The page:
Navigating the Future of Coffee Prices: Fair Trade USA Redefines its Strategy

Fair Trade USA has recently announced its decision to hold minimum prices and price premiums for all green coffee bearing its Fair Trade Certified seal until the end of 2023. This declaration comes at a time when Fairtrade International (FLO), another certification body, is planning to raise its prices from August 1st onwards.

Amid these shifts, Fair Trade USA is also launching an initiative called "Innovation for Impact". This scheme aims to reform the Fair Trade Certified program, focusing on aspects like scalability of volume, producer impact, and specific sustainability-related challenges like climate change.

Paul Rice, the Founder and CEO of Fair Trade USA, shared, "Our focus in the future is going to be much more holistically on the wellbeing of the producers and the value to the industry."

The two organizations, Fair Trade USA and Fairtrade International, operate independently but have often shared pricing structures. However, this current decision presents a divergence in their strategies. This shift by Fair Trade USA arrives after Fairtrade International's declaration of raising minimum prices for arabica and robusta coffees, in response to economic and climate-related pressures faced by coffee farmers worldwide.

The increase in Fairtrade International's prices won't be mirrored by Fair Trade USA. Explaining the potential benefit to producers of this decision, Rice stressed that increasing prices too much might lower demand, thus negatively impacting farmer income, a perspective backed by the majority of the industry stakeholders consulted by the organization.

Historically part of Fairtrade International, Fair Trade USA separated in 2011 under Rice's leadership, adhering to the same price model but amending certification requirements to include larger plantation farms. This recent decision could garner mixed responses, but Rice emphasized that price is only a piece of the fair trade model.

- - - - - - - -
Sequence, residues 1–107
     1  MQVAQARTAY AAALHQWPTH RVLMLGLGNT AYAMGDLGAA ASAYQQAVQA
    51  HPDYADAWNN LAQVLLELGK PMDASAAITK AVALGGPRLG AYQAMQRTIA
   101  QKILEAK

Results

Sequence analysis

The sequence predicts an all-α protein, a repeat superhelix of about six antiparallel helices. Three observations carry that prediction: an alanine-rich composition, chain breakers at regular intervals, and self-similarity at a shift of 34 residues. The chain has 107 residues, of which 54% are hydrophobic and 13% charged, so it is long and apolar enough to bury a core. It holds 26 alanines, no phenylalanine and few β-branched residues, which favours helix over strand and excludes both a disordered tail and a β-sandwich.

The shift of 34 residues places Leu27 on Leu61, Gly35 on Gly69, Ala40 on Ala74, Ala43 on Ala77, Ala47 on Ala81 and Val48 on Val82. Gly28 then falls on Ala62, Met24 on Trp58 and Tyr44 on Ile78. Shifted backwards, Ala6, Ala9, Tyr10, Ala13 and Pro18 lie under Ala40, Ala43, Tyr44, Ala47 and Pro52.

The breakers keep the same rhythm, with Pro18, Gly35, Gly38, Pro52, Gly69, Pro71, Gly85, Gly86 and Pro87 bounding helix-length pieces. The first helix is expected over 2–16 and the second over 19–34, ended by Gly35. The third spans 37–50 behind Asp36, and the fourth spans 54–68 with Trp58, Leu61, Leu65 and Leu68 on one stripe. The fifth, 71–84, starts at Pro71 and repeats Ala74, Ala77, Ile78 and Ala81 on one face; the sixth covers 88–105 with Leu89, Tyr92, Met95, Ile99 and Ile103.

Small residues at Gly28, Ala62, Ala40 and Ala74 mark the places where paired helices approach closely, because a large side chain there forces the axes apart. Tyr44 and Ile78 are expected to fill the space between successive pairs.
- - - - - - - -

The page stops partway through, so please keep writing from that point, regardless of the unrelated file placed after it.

He shared, "In the future, what you will see Fair Trade USA doing is implementing a much more holistic model for producer impact and for industry impact."

Last year, Fair Trade USA certified approximately 210 million pounds of coffee, constituting 6% of all green coffee imported in the U.S. They aim to enhance the model to increase this market share, thereby benefiting a larger number of people.

The recently launched "Innovation for Impact" initiative is the outcome of a thorough outreach that incorporated feedback from over 500 U.S. roasters, importers, and retailers, and more than 400 producer organizations. Over two-thirds of these respondents suggested not to raise price minimums due to concerns of a significant decrease in demand and volume, leading to reduced overall producer impact.

Fair Trade USA is currently setting up an advisory board to steer this initiative, with board members including notable industry leaders. This board will address producer-related issues like climate resilience and adaptation, gender equity, youth engagement, and regenerative agriculture.

Rice sees both Fair Trade USA and Fairtrade International certifications as potentially viable components of a diversified marketing strategy. Fair Trade USA plans to publish a report detailing its initial findings and looks forward to announcing the "next chapter of fair trade" later this fall.